This book provides a fresh insight into the role of identity in international and national relations and policy. The book presents a discourse on national identity in India, the events from 1990-2003, and how these have influenced the engagement of India with others, especially with Pakistan and China. In this process, it reveals several surprising insights, along with the challenges that confront the country.
Roger and Patricia Jeffery are well known for their work on religion and gender in South Asia. In their latest book, a study of the demographic processes of two castes in rural north India, they ask why fertility levels are higher among the Muslim Sheikhs than the Hindu Jats. They conclude that explanations can only partially be attributed to gender relationships and religion, and it is the economic and political interests of both groups which are the defining factors. Their marginal economic position provides little incentive for the Sheikhs to raise small families, while the Jats, who are locally dominant, are encouraged to use birth control and educate their children. The authors go on to demonstrate the significance of this analysis for a wider understanding of the problems of population and politics in India generally. The book will be invaluable for students of South Asia and for anyone interested in the demography of developing countries.
This volume looks at the ways in which governance in the exercise of its strategies also acts as a process of production of subjects. It argues that governance is not a one-sided affair starting and ending with those who rule and govern, producing fiats, decrees, and diktats, but a productive process — one that produces subjects of governance who in turn respond to the process, and make the field of governance a contentious one. Against the backdrop of the first transition of democracy in India from its origin in a colonial polity to the first phase of its independent life after the promulgation of the Indian Constitution in 1950, this volume explores the second transition towards developmental democracy, examining the interrelations between globalisation, development and structures of governance. The volume suggests that while there is need to reflect on the governance of transition, it is important to question how democracy negotiates this transition.
'This book convincingly challenges both the extremely short historical memory of most postcolonial work and the all-too-insularly English world still conjured by period specialists. Hogarthian whores and Grub Street hacks, coffee houses and fashionable pastimes, and the burgeoning of print culture all stand revealed as intimately bound to portents of plantation insurgency, agitation for abolition, and the vast fortunes produced by the labouring bodies of the poor, the colonized, and the enslaved. Eighteenth-century studies has never appeared in a more engaged and fascinating light.'Professor Donna Landry, University of KentIn this volume Suvir Kaul addresses the relations between literary cu...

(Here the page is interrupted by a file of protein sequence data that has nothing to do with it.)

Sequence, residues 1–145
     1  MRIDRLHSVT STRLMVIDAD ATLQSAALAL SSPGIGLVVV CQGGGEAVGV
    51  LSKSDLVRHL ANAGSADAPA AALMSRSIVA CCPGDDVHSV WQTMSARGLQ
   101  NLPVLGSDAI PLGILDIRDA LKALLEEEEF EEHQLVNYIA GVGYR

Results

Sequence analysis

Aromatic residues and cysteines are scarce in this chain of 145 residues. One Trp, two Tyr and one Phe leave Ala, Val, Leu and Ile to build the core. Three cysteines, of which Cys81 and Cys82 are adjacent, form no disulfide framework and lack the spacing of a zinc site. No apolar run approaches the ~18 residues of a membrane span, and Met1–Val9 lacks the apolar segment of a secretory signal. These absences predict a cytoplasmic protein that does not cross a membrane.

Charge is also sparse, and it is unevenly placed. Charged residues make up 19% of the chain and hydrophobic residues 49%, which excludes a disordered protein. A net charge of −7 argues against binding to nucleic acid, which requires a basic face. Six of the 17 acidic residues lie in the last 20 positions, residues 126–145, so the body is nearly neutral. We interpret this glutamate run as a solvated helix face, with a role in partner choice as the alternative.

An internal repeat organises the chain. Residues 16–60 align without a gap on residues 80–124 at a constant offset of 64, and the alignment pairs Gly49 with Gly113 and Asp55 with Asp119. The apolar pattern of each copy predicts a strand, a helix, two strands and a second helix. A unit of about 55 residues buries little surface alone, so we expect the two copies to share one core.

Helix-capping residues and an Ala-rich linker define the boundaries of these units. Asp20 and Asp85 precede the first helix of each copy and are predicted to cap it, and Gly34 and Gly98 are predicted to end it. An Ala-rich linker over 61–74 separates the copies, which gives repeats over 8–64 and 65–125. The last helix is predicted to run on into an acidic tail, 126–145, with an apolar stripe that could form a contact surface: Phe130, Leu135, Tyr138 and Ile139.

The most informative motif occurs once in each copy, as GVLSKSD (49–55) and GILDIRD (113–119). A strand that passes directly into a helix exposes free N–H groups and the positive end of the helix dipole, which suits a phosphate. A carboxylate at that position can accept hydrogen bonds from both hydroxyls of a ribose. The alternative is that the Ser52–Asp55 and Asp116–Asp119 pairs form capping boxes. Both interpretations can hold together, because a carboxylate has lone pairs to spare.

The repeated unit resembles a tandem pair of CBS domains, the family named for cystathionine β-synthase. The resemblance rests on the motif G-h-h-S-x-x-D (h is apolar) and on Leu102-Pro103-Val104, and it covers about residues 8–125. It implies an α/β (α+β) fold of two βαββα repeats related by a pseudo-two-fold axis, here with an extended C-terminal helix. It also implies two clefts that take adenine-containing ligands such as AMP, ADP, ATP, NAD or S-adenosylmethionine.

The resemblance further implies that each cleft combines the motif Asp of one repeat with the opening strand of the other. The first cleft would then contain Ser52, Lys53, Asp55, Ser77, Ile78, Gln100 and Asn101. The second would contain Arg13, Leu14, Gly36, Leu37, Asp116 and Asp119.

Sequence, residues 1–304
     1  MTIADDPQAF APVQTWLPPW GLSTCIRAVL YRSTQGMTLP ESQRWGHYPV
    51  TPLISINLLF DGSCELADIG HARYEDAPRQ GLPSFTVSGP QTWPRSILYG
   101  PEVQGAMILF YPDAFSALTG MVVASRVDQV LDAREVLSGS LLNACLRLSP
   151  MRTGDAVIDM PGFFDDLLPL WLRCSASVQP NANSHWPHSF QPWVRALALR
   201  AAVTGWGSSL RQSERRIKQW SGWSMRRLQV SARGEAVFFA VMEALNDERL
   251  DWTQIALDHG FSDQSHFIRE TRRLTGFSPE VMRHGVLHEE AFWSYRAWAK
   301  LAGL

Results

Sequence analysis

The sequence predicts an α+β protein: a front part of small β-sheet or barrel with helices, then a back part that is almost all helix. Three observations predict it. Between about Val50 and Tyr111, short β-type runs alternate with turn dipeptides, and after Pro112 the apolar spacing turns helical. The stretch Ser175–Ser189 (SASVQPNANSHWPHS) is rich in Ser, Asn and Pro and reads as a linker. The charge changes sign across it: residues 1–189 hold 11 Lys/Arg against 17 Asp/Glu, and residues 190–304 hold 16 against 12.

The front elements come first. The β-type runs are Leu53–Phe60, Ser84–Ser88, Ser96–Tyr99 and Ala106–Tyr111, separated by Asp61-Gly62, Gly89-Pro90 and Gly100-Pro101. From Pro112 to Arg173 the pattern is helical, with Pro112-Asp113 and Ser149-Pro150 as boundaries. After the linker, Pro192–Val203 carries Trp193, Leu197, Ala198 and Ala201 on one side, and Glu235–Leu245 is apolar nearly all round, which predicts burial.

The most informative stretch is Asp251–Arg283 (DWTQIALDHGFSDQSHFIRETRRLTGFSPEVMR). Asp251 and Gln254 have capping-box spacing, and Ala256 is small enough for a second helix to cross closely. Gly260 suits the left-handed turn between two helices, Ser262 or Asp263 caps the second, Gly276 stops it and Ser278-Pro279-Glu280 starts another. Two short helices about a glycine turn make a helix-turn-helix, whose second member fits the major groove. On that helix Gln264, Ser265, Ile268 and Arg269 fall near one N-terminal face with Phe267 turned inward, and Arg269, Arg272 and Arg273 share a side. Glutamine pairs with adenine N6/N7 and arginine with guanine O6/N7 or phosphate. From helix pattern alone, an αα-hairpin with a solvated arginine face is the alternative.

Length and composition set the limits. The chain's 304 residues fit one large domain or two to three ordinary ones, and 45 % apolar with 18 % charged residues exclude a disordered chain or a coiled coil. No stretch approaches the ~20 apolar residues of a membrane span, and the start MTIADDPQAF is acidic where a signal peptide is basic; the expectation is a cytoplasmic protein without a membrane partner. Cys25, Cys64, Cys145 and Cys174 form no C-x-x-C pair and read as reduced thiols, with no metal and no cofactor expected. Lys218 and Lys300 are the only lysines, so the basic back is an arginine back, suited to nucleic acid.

This study presents 13 articles interrogating themes likely to impinge on India’s 15th general elections in 2009. These were written following intense discussion between the contributors and use available data as well as original data and analysis. The significance of the analyses goes beyond how much these questions find place in the campaign, or how much they would impact the electoral results. These have and would continue to be essential themes in Indian politics for some time. They would influence the country’s politics, its leaders, parties and institutions and would be interrogated in political, policy and social science circles in the foreseeable future. They would in turn be impacted, redefined and perhaps transformed by political dynamics and social pressure. The first attempt of its kind to analyse the impact of certain emerging trends in politics on upcoming elections anywhere in the world, this book will be a useful addition to election studies and policy making in general.
The Author Examines Gandhi As The Creator Of A Radical Style Of Politics Which Has Proved Effective In Fighting Insidious Social Divisions Within India And, At Various Times, Elsewhere In The World. He Argues That Whereas Politicians Usually Garner Support By Demonising Those They Oppose, Gandhi Resisted Such A Politics With His Whole Being. Various Key Issues In Gandhi`S Life And Legacy Are Alsop Examined. Gandhi`S Sexuality And His Programme For Women Are Looked At In The Light Of Feminist Critiques. Gandhi`S Inconsistencies, Mistakes And Failures (For Example As Husband And Father) Are Carefully Scrutinised. Hardiman`S Effort Is To Show Precisely How Gandhi, Despite His Limitations, Provides A Beacon For Women And Men Because Of The Uncompromising Honesty Of His Political Life And Moral Activism.